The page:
New Nanosensor Detects Leaky Water Pipes
|Yu-Feng Lin - (217) 333-0235, email@example.com|
Lisa Sheppard - (217) 244-7270, firstname.lastname@example.org
Combining the latest nanotechnology with hydraulics may yield a promising solution to the costly problem of leaking water pipes in community public water systems, according to Yu-Feng Lin, a hydrologist at the Illinois State Water Survey, University of Illinois.
Lin and Chang Liu at Northwestern University developed a prototype of a wireless nanosensor that, when imbedded in the type of pipes that are typically used in public water supply systems, can monitor the temperature, flow rate, and pressure of water in the pipe.
According to the American Society of Civil Engineers, nearly 7 billion gallons of clean, treated drinking water disappears every day in the U.S. because of leaky pipes and mains at a cost of $20 to $100 million daily.
The current commercial devices for flow measurements are large enough to disturb the water flow field, providing less accurate data. The prototype 'Smart Pipe' is the first of its kind—and size—for this application. Individual Smart Pipe sensors are too small to be seen clearly without a microscope.
The Smart Pipe device, which is half the size of a dime, contains multiple sensors connected to a wireless processor and antenna for transferring data to a command center in real time. Like hairs on human skin, the sensor contains artificial hair that detects water flow from two directions, capable of detecting stagnant points, slow-flow sections of pipe, back flow, and leaks.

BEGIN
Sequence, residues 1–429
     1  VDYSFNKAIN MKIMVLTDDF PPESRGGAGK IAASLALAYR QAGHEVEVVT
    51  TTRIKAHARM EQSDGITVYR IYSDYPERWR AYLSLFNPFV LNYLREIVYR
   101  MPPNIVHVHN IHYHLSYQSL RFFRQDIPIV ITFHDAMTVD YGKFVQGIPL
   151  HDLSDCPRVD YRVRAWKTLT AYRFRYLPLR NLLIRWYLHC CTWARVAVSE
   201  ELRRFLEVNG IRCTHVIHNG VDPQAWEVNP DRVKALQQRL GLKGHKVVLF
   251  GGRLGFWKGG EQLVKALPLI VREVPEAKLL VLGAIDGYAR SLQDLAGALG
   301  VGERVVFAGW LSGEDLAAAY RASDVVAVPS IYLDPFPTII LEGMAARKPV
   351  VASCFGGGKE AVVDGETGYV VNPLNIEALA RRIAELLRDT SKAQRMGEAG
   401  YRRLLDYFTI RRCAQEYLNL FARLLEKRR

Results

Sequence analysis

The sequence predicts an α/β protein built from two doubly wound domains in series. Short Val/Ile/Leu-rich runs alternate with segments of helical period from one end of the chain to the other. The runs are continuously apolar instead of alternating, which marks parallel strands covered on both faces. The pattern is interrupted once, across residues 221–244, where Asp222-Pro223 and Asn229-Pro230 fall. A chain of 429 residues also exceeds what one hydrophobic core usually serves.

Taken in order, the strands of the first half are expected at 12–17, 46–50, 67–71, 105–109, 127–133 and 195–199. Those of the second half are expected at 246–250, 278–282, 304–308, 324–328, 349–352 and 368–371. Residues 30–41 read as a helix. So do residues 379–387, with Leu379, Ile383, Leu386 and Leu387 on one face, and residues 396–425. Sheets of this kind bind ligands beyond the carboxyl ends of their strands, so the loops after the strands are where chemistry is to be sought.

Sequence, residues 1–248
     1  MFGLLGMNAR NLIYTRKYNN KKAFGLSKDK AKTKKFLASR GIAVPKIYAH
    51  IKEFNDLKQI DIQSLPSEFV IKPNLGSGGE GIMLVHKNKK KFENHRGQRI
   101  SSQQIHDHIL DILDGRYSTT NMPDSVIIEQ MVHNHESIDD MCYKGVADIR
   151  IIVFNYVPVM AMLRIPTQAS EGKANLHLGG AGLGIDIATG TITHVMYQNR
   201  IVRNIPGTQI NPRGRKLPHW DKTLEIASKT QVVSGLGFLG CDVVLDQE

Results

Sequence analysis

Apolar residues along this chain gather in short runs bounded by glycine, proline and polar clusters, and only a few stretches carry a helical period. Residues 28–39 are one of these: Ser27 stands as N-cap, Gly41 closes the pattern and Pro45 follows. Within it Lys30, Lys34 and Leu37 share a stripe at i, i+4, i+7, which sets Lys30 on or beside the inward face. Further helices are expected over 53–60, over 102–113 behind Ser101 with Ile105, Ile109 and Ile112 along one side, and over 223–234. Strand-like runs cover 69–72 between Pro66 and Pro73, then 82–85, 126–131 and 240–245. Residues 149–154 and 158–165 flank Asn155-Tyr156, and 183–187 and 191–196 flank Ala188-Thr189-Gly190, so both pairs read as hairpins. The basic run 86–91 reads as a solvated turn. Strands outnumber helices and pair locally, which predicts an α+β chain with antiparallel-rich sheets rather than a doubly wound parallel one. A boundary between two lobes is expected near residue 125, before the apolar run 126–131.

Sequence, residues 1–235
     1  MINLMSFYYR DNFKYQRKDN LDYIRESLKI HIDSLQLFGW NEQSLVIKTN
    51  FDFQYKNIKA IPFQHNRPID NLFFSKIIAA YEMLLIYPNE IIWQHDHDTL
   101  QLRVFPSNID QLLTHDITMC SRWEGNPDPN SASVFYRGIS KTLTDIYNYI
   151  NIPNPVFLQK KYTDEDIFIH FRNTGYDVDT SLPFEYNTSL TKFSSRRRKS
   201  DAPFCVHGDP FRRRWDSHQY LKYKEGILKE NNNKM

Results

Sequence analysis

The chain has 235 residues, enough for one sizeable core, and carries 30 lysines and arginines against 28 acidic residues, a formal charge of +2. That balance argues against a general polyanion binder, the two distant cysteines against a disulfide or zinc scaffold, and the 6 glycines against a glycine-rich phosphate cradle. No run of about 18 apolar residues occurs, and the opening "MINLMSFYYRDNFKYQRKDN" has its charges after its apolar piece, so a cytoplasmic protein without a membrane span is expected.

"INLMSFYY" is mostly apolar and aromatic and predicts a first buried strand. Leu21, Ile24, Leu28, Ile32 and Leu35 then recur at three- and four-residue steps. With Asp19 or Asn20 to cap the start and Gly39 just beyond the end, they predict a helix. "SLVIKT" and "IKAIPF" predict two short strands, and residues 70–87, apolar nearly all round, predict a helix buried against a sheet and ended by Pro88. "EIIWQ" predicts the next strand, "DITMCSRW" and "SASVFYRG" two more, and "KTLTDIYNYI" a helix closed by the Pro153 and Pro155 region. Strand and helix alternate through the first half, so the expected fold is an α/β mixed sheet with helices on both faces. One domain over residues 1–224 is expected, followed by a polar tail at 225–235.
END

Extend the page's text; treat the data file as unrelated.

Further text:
'Water flow bends the hair, which senses how much force is being applied,' Lin said.
The researchers also developed software to simulate a pipe network with various conditions. The program can be used to predict, analyze, and verify measurements from a real-life system.
If the Smart Pipe would be manufactured and accessible, public water systems would benefit from the energy savings, Lin said. In theory, the Smart Pipe would have a tiny generator turbine to power the instrument.
'Applying this technology at an affordable cost will help small and rural public water systems implement government water quality standards and manage water systems operations—and it won’t disturb the flow field,' Lin said. Additional sensors could be added eventually to analyze water quality, he said.
This technologically advanced prototype was developed through a collaboration between a hydrologist and an electrical/computer engineer, illustrating how science can be advanced when researchers seek out projects with collaborators outside of their own field.
'Until recent years, hydroscience hasn’t used advanced technology as much as a few other fields, such as medicine and engineering,' Lin said. 'Multidisciplinary research can provide unique opportunities for gaining knowledge and for product development.'
This project was funded by the Midwest Technology Assistance Center (MTAC), which is a program of the Illinois State Water Survey (ISWS) and the Illinois Water Resources Center at the University of Illinois (U of I). The ISWS, a Division of the U of I Institute of Natural Resource Sustainability, is the primary agency in Illinois concerned with water and atmospheric resources. MTAC is one of eight research and assistance centers (TACNet) funded by the US EPA to provide technical, managerial, and financial assistance to small public water systems across the country.